Liquid Crystal-Functionalized Nano- and Microfibers Produced by Electrospinning
7.1 Introduction: Why Electrospinning With Liquid Crystals?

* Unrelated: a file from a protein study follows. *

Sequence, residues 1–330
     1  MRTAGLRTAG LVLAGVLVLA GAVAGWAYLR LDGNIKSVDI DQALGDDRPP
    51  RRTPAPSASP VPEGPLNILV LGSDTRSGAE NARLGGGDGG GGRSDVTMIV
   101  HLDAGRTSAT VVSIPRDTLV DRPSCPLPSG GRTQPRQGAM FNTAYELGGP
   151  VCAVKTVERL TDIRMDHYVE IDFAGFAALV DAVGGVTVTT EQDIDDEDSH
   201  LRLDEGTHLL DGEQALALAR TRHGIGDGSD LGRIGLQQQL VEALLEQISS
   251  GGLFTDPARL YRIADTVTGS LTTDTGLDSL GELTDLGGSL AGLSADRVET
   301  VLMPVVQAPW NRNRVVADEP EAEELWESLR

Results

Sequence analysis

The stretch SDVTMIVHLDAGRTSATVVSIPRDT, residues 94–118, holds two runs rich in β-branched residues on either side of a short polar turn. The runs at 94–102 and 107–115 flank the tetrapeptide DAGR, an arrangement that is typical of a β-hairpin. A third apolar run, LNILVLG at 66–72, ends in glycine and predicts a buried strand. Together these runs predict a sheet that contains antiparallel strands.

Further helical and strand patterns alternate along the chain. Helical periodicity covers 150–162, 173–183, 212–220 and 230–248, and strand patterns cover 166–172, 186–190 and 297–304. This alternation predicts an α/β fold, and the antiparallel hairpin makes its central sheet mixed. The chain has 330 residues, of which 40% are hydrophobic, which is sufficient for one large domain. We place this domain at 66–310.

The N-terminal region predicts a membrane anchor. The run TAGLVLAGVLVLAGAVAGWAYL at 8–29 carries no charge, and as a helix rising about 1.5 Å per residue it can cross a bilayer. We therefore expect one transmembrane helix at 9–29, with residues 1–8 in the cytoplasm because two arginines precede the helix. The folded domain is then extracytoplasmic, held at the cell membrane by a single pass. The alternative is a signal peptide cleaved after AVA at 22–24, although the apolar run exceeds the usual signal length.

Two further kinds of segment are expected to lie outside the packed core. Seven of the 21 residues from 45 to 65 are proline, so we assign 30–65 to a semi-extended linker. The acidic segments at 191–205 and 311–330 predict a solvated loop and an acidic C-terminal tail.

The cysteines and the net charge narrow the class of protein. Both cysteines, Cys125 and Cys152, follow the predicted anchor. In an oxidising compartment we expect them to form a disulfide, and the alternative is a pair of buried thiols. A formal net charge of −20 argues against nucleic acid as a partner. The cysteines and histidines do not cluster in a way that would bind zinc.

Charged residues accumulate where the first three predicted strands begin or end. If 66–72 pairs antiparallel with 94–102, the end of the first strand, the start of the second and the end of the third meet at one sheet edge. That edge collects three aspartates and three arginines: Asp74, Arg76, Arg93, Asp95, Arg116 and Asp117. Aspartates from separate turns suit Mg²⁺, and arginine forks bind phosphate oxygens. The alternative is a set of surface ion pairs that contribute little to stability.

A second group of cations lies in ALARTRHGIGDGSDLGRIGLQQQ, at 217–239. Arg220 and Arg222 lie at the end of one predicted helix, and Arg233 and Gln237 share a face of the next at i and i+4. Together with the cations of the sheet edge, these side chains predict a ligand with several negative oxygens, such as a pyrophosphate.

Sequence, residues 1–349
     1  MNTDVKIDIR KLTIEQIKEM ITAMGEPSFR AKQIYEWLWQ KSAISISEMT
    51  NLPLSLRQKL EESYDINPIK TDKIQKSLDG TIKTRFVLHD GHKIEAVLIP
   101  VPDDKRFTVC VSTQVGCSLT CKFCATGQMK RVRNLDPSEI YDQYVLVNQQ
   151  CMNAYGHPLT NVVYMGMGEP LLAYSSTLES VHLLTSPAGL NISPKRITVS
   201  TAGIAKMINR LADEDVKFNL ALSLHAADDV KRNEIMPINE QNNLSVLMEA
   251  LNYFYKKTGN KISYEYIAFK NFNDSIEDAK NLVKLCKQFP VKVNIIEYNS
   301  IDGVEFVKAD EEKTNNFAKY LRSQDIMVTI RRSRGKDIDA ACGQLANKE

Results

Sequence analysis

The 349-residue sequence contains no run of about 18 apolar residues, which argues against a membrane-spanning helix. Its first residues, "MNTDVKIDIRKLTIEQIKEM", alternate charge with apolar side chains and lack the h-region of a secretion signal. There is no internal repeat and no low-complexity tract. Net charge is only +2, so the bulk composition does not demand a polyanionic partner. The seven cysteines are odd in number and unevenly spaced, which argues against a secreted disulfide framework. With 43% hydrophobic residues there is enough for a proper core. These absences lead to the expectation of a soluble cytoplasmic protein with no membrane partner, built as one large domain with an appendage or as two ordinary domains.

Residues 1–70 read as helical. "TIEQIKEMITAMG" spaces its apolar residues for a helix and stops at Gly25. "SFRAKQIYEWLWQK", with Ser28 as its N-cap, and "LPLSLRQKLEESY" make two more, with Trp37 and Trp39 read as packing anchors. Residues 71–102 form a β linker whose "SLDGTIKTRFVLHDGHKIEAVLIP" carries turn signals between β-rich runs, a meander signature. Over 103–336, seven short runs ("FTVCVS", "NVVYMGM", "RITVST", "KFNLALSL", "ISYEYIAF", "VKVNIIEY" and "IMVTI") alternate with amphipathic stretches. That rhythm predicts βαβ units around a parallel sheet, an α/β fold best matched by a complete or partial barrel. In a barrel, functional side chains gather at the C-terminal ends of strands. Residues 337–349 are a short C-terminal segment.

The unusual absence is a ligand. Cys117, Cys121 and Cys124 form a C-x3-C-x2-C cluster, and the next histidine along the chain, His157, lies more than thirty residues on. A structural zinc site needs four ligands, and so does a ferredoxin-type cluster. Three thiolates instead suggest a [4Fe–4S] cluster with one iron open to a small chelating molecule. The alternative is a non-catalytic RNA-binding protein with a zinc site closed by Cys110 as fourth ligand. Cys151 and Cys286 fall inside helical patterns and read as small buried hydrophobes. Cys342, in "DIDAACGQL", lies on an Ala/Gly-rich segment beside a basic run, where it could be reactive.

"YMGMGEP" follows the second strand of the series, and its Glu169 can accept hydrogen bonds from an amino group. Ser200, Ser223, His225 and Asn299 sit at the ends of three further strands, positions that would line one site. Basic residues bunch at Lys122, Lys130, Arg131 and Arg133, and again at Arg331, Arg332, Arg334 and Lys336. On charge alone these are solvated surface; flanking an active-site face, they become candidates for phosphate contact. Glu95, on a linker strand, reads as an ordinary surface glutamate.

Although electrospinning is actually a rather old invention, it is currently attracting rapidly increasing attention throughout the international research community [1–8]. Among the reasons is the potential of the technique for producing extremely thin polymer fibers, which can easily be functionalized by inorganic as well as organic non-polymeric additives. By including liquid crystals inside the fibers, or by spinning the fibers from liquid crystalline polymers, a number of interesting phenomena arise [9–15], inspiring new directions of academic research and holding potential for innovative applications. The extreme stretching during the spinning process aligns a main-chain liquid crystalline polymer very well along the fiber , and electrospinning a lyotropic cellulose-based chiral nematic phase results in helical fibers . If a low molar mass liquid crystal is enclosed inside the polymer fiber the strong encapsulation in a cylindrical space with diameter in the nano-to micrometer range can have dramatic effects, e.g., expanding the liquid crystal phase sequence , inducing unusual structures of the director field or restricting normally continuously varying parameters to quantized values . Compared ...